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A Journal on Otorhinolaryngology, Head and Neck Surgery,
Plastic Reconstructive Surgery, Otoneurosurgery
Indexed/Abstracted in: EMBASE, Scopus
Otorinolaringologia 2013 December;63(4):163-7
Can tranexamic acid reduce bleeding after tonsillectomy? A pilot study
Robb P. J. 1, Ewah B. 2
1 ENT Department Epsom and St Helier University Hospitals, Epsom, UK;
2 Department of Anesthesia Epsom and St Helier University Hospitals, Epsom, UK
Aim: The most significant, common complication following tonsillectomy is hemorrhage. Tranexamic acid (TXA), a synthetic anti-fibrinolytic has been widely used to limit bleeding during surgery and following multi-trauma. In this pilot study of adults undergoing tonsillectomy, we wished to assess any effect of TXA administered as a single intravenous dose during surgery and for ten days orally on post operative bleeding after tonsillectomy.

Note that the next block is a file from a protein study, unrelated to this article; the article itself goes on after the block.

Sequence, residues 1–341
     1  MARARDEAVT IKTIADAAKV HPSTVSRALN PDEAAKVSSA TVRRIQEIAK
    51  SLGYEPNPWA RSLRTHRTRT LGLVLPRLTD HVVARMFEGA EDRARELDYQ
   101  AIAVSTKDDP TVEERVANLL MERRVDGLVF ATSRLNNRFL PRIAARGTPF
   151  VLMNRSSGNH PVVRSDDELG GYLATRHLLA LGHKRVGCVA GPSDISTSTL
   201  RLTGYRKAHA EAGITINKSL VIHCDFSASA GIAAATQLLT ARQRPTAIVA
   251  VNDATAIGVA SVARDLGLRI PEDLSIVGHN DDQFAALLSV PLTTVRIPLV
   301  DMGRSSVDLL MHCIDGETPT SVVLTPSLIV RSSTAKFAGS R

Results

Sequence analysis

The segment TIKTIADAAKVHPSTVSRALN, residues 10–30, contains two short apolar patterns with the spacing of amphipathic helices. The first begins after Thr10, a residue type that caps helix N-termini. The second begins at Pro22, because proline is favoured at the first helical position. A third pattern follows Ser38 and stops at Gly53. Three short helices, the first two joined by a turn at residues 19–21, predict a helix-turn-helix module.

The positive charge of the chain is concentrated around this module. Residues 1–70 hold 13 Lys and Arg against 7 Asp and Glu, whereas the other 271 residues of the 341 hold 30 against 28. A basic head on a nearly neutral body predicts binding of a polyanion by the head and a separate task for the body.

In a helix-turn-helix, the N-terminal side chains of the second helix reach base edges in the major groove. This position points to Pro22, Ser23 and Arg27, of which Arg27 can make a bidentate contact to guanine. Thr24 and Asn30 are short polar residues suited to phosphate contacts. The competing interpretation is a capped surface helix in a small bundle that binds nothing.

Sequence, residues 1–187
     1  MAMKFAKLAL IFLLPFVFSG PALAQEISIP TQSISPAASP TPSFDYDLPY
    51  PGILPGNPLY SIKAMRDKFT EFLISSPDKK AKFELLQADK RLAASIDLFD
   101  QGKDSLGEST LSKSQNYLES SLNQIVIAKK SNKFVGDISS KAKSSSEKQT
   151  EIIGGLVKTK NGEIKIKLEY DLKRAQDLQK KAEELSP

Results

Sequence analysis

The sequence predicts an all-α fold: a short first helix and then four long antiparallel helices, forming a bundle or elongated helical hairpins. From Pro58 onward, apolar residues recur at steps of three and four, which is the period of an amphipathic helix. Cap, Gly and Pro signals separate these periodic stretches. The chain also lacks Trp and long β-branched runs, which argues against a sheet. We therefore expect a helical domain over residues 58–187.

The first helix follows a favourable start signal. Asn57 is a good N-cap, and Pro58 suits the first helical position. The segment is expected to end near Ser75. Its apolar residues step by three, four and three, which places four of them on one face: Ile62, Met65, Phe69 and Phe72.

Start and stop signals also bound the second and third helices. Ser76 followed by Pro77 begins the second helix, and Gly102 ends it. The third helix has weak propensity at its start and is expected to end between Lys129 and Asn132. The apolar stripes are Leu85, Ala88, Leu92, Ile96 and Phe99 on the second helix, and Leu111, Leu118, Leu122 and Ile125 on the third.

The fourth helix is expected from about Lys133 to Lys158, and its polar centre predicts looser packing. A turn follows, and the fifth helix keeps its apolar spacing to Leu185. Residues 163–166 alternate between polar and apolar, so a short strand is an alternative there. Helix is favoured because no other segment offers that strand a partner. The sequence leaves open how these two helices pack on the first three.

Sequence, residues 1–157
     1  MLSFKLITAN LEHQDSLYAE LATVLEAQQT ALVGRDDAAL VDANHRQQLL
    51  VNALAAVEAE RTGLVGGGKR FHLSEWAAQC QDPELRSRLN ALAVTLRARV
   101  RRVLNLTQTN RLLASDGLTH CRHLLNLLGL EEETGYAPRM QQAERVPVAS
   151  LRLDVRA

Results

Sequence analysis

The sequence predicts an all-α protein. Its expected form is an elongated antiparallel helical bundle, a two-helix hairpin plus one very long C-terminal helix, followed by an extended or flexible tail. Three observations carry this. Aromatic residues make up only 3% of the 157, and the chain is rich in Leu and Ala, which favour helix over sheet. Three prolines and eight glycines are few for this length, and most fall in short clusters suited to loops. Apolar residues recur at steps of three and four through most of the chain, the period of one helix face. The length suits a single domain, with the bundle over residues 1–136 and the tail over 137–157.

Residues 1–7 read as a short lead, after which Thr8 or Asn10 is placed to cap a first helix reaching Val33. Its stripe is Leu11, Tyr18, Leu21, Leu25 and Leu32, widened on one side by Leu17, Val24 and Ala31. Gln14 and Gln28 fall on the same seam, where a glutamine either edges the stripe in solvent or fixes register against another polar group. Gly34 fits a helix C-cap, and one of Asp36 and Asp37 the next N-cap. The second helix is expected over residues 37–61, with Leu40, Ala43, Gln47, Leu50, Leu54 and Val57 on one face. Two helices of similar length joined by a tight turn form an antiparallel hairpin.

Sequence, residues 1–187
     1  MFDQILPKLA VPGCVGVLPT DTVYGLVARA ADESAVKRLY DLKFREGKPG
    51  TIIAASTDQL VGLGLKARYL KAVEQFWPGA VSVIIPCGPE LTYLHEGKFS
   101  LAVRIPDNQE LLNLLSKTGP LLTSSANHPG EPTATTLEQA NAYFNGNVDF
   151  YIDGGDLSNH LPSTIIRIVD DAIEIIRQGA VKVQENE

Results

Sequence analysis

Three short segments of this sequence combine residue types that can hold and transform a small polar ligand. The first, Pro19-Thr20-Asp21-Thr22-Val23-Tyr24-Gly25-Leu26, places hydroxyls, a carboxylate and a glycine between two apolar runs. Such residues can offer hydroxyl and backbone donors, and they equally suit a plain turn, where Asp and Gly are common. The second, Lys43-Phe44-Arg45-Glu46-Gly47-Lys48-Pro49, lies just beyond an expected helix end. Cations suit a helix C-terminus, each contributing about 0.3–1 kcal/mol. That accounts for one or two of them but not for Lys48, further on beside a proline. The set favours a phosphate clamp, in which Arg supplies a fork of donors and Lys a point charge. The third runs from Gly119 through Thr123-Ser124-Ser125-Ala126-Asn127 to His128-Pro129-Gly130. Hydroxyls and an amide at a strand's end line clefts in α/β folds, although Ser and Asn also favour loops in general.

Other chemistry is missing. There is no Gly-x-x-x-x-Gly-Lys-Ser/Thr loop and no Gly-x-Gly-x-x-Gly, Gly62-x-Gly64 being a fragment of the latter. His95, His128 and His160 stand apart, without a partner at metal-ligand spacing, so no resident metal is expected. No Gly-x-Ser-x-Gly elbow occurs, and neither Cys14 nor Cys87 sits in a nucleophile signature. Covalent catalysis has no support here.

Methods: A prospective pilot study of adults undergoing elective day case Coblation™ tonsillectomy for recurrent tonsillitis between January 2007 and January 2013. Outcomes for postoperative bleeding were compared with data from the UK National Prospective Tonsillectomy Audit.
Results: During the study period, 112 adults underwent elective day case tonsillectomy for recurrent tonsillitis. There were no reactionary hemorrhages. No patients required readmission, return to theatre or blood transfusion following tonsillectomy. During the second postoperative week, three patients reported producing blood stained saliva and one patient spat up a small volume of fresh blood. None of these sought medical advice for these minor, self-limiting episodes. Two patients experienced nausea using the TXA, one enough to discontinue the medication. One patient was excluded from this study because she had a familial protein S deficiency, a relative contraindication to antifibrinolytic medication.
Conclusion: This observational pilot study demonstrates that TXA may reduce both frequency and severity of postoperative bleeding following tonsillectomy. These preliminary findings warrant further investigation with a large, prospective randomised trial.